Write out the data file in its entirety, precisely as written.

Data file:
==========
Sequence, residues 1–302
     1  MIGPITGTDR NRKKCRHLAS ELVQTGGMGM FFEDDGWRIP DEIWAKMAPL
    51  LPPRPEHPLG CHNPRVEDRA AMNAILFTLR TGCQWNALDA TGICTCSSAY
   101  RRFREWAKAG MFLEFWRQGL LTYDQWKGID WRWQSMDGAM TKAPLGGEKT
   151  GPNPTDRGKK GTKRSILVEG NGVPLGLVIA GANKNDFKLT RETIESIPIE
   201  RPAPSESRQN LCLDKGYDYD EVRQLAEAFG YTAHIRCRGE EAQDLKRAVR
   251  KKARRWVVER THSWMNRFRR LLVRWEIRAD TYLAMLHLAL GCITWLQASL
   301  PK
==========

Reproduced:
Sequence, residues 1–302
     1  MIGPITGTDR NRKKCRHLAS ELVQTGGMGM FFEDDGWRIP DEIWAKMAPL
    51  LPPRPEHPLG CHNPRVEDRA AMNAILFTLR TGCQWNALDA TGICTCSSAY
   101  RRFREWAKAG MFLEFWRQGL LTYDQWKGID WRWQSMDGAM TKAPLGGEKT
   151  GPNPTDRGKK GTKRSILVEG NGVPLGLVIA GANKNDFKLT RETIESIPIE
   201  RPAPSESRQN LCLDKGYDYD EVRQLAEAFG YTAHIRCRGE EAQDLKRAVR
   251  KKARRWVVER THSWMNRFRR LLVRWEIRAD TYLAMLHLAL GCITWLQASL
   301  PK